History

Woodinville Recessional Memorial Mead was the original name of the cemetery.  Mead is a variation of the word meadow.  Recessional means leaving.  Thus, this is the meadow where Woodinville pioneers were buried upon leaving the earthly world.


The land for the cemetery was given by Ira and Susan Woodin who settled here in 1871. On April 4, 1898 Ira and Susan Woodin deeded the southeast acre of their homestead to the Woodinville Cemetery Association, whose members were Thomas Sanders, Gus Jakobson and Emmanuel Nelson.The deed was recorded January 18, 1899 in King County, Volume 233 of Deeds, page 223. On December 31, 1910 Susan and Frank A. Woodin deeded additional land to the Woodinville Cemetery Association, whose members at that time were Nels Carlson, Charles Hoffman and William Jaderholm.


Across the street to the east was the town church. The entrance to the cemetery grounds was originally on 132nd NE directly across the street. Thus, the oldest graves are on the east side of the cemetery grounds in Blocks 1 and 2.

The Board of Directors is guided by the Woodinville Cemetery Association mission statement: To fulfill the wishes of Ira and Susan Woodin to make the southeast two acres of their homestead available to the dead of Woodinville and the surrounding area. The Woodinville Memorial Mead is a pioneer cemetery operated by the Woodinville Cemetery Association, a non-profit 501(c)(13) corporation incorporated in 1985 and staffed by a 12-member board of volunteers. Its EIN is 91-1334756.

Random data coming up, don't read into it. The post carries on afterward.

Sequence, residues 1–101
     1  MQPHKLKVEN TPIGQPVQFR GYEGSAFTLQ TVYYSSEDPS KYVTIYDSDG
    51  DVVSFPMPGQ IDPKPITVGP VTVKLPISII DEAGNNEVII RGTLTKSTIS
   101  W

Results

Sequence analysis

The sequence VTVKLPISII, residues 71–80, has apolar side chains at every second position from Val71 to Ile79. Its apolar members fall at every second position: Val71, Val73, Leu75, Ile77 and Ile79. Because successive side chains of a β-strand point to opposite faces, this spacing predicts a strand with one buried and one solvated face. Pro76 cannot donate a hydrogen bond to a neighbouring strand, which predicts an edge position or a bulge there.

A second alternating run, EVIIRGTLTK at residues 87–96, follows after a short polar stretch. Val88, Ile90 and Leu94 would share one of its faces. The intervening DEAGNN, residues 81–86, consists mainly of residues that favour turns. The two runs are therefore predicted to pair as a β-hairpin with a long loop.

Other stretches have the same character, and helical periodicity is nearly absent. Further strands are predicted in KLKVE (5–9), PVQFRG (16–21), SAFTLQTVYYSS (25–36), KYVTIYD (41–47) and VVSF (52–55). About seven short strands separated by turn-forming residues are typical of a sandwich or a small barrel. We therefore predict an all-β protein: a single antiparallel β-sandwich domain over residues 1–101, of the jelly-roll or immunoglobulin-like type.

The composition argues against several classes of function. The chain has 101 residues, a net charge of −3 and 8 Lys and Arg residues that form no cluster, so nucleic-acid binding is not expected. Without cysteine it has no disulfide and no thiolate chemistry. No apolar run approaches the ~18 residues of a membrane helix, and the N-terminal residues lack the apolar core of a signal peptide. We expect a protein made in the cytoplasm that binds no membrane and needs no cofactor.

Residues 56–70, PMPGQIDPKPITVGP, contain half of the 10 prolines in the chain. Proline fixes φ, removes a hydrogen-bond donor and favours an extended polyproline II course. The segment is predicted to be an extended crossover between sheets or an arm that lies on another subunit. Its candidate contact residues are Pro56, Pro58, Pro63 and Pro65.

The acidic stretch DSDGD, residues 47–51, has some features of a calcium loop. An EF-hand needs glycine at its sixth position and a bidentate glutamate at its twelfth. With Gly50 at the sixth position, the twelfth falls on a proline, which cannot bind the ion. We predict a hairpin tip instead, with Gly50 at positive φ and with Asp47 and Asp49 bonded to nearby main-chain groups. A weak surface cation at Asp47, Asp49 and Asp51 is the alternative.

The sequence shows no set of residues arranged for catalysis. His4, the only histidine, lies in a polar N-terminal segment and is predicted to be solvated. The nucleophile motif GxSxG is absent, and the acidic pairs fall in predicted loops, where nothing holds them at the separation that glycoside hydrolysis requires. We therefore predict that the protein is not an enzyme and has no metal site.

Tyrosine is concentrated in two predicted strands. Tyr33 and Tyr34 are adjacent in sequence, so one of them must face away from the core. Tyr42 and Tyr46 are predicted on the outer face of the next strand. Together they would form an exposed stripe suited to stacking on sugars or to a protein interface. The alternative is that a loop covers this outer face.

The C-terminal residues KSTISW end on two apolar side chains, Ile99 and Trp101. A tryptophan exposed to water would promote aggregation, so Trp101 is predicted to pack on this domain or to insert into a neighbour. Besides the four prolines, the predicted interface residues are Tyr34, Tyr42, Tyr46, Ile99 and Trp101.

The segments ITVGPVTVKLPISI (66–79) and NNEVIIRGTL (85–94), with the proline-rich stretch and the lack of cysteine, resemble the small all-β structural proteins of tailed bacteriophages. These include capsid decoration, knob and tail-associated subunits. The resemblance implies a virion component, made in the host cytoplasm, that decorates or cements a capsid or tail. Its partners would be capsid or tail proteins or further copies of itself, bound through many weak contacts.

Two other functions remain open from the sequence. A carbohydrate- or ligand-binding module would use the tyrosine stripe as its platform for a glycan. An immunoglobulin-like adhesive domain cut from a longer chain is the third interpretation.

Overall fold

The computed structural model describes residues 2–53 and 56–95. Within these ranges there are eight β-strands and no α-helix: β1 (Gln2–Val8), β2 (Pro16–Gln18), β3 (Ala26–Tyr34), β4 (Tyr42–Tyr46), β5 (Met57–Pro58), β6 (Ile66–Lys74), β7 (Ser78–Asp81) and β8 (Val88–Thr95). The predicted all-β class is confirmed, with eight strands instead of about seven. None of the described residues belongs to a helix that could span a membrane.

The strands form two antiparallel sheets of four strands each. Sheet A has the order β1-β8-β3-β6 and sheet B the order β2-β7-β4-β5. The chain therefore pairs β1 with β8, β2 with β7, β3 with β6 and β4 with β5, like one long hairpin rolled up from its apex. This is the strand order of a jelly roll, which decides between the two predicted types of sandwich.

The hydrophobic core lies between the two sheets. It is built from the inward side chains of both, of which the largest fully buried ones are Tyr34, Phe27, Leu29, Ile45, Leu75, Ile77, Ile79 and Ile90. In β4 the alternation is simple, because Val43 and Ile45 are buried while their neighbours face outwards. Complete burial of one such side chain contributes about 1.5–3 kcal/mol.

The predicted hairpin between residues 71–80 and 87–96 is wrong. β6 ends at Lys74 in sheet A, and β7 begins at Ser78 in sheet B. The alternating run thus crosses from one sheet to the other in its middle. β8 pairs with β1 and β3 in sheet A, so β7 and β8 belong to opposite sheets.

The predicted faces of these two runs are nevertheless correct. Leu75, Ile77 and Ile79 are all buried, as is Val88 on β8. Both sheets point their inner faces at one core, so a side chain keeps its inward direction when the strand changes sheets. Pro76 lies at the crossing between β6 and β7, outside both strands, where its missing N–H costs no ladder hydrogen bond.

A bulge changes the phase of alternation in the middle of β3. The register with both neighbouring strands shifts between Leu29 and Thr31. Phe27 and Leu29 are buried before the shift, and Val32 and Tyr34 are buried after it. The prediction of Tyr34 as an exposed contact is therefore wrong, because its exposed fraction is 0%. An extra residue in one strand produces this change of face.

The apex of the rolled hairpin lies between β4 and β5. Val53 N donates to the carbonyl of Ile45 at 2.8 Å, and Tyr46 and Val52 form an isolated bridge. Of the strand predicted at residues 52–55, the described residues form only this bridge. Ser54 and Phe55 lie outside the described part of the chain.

From 1912 to about 1950, Woodinville pioneer Elmer Carlberg maintained the cemetery and built many improvements including the original ornate entrance on NE 175th, the fountain, the pergola and most of the landscaping.

As a non-profit organization, the cemetery maintains an endowment fund that assures maintenance in perpetuity.